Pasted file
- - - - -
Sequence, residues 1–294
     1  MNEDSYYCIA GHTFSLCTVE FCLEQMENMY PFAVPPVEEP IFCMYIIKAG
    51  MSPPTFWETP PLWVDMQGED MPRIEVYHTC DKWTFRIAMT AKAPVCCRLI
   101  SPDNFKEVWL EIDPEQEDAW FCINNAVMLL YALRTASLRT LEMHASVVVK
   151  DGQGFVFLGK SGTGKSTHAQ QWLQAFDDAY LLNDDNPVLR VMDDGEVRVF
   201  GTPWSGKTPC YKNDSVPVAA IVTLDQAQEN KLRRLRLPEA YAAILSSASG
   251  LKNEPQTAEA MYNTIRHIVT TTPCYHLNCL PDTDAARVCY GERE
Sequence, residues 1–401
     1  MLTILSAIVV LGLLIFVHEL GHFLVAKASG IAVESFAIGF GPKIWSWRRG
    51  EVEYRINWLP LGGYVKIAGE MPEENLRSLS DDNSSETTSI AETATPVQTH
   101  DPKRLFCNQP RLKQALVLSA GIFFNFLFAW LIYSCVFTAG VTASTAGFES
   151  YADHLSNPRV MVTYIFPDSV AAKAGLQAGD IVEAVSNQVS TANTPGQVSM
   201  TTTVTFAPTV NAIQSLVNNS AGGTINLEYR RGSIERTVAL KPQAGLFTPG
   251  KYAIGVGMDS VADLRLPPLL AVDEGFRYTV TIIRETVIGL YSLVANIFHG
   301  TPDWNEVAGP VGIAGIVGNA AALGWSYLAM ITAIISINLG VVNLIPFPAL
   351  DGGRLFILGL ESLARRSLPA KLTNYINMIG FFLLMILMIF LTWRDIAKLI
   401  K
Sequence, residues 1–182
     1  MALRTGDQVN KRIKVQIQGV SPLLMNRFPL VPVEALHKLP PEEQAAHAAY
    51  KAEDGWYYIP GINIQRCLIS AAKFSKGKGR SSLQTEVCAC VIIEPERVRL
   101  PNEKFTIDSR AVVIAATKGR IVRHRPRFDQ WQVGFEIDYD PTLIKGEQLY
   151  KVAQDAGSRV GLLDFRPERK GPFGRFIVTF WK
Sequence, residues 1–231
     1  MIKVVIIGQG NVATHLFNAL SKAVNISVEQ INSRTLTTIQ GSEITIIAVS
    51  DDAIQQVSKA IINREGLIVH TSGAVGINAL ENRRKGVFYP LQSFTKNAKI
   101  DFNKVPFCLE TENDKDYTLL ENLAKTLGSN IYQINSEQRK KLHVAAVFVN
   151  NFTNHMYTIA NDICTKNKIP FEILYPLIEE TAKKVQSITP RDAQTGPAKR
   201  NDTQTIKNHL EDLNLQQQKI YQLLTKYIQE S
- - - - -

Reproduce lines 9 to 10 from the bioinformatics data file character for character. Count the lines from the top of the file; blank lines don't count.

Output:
     1  MLTILSAIVV LGLLIFVHEL GHFLVAKASG IAVESFAIGF GPKIWSWRRG
    51  EVEYRINWLP LGGYVKIAGE MPEENLRSLS DDNSSETTSI AETATPVQTH